March 14, 2017

Incentives to get people to vote tomorrow

Filed under: Automobiles,Food & Drink,Gadgets,General by Orangemaster @ 11:39 am

vote-counting-rnw

As if trying to change things for the better by voting wasn’t appealing enough, some Dutch cities have come up with amusing ways to convince their residents to vote tomorrow in the Dutch general election.

Hilversum is going to give people a condescending-sounding ‘voting diploma’, as if they were children learning how to swim, but swiftly make up for the condescension by giving them a free bluetooth speaker, so they can annoy people in the train during their commute.

In the village of Losser, Overijssel, they thought it would be a good idea for the mayor to get into a limo and pick up people all day long to go and vote. The goal is to encourage first time voters aka young people to vote, so apparently those questionable music videos have been sending the right message all along.

The big cities like Amsterdam, Rotterdam and The Hague will use schools as polling stations to get the kids to do their civic duty by them not having to go far to vote. No limos for you!

And then if cycling, walking and rocking the limo isn’t doing it for you, there’s always taking a boat to the polling station in the region of Marker Wadden north of Amsterdam, which, I can tell you from personal experience, is an absolutely delightful place to visit by boat.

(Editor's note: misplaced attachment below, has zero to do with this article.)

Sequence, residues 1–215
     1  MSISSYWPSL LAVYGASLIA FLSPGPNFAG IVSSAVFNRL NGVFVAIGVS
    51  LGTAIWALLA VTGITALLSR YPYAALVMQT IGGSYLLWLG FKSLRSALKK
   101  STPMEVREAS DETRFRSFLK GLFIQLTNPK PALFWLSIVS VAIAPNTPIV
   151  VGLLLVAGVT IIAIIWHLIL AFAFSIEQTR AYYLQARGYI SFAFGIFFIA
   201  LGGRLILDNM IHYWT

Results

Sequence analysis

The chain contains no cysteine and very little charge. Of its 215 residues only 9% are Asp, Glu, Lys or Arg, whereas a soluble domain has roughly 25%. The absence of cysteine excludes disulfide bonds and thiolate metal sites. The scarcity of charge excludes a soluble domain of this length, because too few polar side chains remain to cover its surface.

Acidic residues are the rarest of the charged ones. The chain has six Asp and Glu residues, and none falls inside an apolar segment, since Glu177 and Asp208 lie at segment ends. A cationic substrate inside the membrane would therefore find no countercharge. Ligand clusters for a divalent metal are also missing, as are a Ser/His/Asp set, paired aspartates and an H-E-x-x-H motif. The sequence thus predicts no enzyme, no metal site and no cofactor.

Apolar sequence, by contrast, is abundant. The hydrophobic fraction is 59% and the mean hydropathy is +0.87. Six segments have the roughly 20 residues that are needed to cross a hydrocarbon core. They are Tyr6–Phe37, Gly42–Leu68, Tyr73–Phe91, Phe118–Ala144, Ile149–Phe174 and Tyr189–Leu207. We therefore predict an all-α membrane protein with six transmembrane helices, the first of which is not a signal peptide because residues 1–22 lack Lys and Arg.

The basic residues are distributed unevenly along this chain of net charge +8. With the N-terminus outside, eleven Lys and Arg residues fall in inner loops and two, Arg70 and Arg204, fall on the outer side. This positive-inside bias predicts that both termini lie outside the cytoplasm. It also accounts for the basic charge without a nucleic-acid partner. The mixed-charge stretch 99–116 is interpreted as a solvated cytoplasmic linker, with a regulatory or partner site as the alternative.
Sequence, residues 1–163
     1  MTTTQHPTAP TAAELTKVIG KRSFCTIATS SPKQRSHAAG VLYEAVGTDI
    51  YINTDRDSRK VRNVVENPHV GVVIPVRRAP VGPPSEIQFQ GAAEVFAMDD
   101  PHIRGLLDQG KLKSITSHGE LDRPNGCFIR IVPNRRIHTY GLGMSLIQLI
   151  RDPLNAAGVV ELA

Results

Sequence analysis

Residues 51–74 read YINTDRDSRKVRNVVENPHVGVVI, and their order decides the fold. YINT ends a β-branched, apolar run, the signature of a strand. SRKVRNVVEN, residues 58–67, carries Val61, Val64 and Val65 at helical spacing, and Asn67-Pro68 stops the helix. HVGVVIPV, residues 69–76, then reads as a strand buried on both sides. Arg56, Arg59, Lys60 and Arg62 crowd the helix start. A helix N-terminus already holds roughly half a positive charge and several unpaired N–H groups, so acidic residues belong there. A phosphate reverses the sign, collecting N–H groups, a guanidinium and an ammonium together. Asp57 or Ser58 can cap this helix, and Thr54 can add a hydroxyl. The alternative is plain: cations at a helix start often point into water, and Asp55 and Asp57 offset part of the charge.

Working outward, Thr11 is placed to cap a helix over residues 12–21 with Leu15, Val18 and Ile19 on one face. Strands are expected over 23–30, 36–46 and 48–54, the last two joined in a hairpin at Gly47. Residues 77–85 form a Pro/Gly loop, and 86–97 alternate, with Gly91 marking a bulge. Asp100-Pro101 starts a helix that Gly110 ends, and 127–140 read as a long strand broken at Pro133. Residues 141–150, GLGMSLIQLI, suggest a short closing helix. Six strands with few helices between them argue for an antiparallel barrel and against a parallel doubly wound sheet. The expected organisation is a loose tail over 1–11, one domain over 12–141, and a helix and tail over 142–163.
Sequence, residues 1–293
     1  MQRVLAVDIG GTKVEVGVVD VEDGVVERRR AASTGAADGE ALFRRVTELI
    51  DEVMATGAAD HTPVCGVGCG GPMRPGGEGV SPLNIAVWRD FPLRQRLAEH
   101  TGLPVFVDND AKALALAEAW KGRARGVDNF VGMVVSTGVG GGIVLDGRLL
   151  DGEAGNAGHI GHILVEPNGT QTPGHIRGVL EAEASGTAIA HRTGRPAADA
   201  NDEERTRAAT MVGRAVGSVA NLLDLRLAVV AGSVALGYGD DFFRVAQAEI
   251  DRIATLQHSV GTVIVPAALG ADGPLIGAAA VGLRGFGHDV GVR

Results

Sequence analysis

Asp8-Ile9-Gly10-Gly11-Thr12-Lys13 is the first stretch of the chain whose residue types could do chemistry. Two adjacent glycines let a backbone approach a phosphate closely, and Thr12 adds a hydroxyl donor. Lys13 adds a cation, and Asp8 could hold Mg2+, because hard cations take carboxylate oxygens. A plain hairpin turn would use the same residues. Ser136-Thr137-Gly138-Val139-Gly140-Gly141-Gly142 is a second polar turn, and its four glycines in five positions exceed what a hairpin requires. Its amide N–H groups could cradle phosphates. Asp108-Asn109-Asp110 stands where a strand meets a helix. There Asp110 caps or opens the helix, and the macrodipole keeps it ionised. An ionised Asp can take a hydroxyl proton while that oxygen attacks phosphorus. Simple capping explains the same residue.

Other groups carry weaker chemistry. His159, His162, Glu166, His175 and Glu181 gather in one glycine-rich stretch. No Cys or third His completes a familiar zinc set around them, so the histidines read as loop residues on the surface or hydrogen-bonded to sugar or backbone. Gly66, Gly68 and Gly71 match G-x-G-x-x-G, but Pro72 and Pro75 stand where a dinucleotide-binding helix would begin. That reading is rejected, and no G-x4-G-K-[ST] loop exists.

And then if transport and a bluetooth speaker is not your jam, imagine some good old-fashioned cupcakes, tea and coffee in Zeist, Utrecht, accompanied by live piano music. The goal here is to attract older voters that need to make an extra effort to vote. No transport for you.

Half of 24oranges HQ can vote and the other half will just hope for the best.

(Link: binnenlandsbestuur.nl, Photo by Photo RNW.org, some rights reserved)

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September 9, 2008

Bucks for biking

Filed under: Bicycles,General by Branko Collin @ 9:16 am

Biking to work can net you 5 euro a day from 22 to 26 September, if you live along one of the five designated routes of the Fiets Filevrij campaign. The organizers, local and national governments and cyclists’ unions, hope to call attention to the use of bicycles as a means to reduce the rampant traffic jam problem. After registration participants have to print out their own bar code which they must then scan at booths along the bicycling routes. The routes are all between cities, and therefore longish.

Photo: Fiets Filevrij. Via Dagelinks (Dutch).

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